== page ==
Botched Hellcat-Tesla Drag Race Reveals One Big Advantage Of Electric Cars.
Published February 21, 2017
A while ago, the biggest competitors to the Dodge Challenger were Ford’s Mustang and Chevrolet’s Camaro. They were a trio of muscle cars but recently the 707-horsepower Challenger Hellcat is facing unprecedented rivalry from Tesla’s Model S.
Most people are intrigued by the Tesla-Hellcat matchup but what really keeps them going is arguing their opinion of the best car. The video below promises to be the ultimate battle royale between the Hellcat and the Tesla’s Model S P100D even though the Hellcat’s driveshaft gets broken. Well, without a doubt, the one that isn’t broken wins, but it points to an underlying issue that is often overlooked in the future of electric cars.
Electric cars are pretty simple to understand. They have some batteries connected to a motor and a single-speed gearbox so changing gears isn’t necessary—like with Teslas. The main hindrances to mainstreaming electric cars are the charging infrastructure required to support the vehicles and the expensive batteries.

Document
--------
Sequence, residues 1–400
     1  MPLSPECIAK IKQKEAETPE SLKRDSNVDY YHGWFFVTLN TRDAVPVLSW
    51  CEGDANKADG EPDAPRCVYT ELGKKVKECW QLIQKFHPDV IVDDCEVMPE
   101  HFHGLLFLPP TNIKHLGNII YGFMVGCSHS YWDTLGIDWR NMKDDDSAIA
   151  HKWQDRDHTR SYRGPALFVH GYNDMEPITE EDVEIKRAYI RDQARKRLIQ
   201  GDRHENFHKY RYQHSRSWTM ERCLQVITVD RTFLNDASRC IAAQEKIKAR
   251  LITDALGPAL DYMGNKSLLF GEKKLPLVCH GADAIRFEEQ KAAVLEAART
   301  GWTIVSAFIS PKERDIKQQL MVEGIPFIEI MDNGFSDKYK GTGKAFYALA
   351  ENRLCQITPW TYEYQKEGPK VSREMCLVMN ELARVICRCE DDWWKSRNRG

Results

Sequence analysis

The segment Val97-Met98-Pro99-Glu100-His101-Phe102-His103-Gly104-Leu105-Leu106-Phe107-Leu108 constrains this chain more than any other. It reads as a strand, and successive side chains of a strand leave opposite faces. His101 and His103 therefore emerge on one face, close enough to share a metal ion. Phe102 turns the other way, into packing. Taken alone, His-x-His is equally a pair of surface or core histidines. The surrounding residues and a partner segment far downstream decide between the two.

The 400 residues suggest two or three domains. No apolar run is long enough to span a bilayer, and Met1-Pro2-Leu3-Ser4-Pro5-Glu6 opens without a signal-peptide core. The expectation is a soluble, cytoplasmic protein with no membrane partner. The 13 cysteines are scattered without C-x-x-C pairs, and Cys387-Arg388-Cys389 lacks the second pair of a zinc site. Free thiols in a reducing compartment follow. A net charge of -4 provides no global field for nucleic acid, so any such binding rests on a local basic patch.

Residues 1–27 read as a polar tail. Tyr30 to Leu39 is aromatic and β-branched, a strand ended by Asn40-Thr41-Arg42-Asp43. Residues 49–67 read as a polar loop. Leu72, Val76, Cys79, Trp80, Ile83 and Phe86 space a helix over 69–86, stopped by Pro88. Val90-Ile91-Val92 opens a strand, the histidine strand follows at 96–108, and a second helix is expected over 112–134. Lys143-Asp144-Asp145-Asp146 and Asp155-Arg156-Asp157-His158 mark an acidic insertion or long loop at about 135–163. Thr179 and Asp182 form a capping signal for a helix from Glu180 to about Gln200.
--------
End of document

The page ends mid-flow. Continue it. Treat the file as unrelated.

Most high-performance vehicles usually trade off one thing for another but with electric that isn’t necessarily the case. Granted, there might be some disastrous drag strip failures at some point from the Model S but their simplicity enhances their reliability. Simply because there is a lot less moving parts compared to internal combustion engines.
The other side of the coin is the unfortunate Hellcat Challenger. Its 707 horsepower and its grippy drag strip surface all contributed to its driveshaft breaking. And remember, this was moments after the green light.
However, this single instance doesn’t settle the debate of gas vs electric but it does point out how the basic part of a car can conspire to collapse the vehicle. With that being said, it isn’t clear whether the Challenger Hellcat was bone-stock or had some upgrades.
Sure, Tesla has a long way to go and its myriad of problems don’t really support the car but as a brand, it is continuously improving. A notable example is the Model S, which has fewer parts which improve its overall reliability and minimizes the chances of it going boom.
Sure, who doesn’t love the teeth gritting roar of a V8 engine? And of course, nothing beats the visceral primal driving experience you get from a muscle car. But we look forward to getting the Bugatti Veyron acceleration speed and reliability of a Camry in one single car which might just be possible with electric performance vehicles.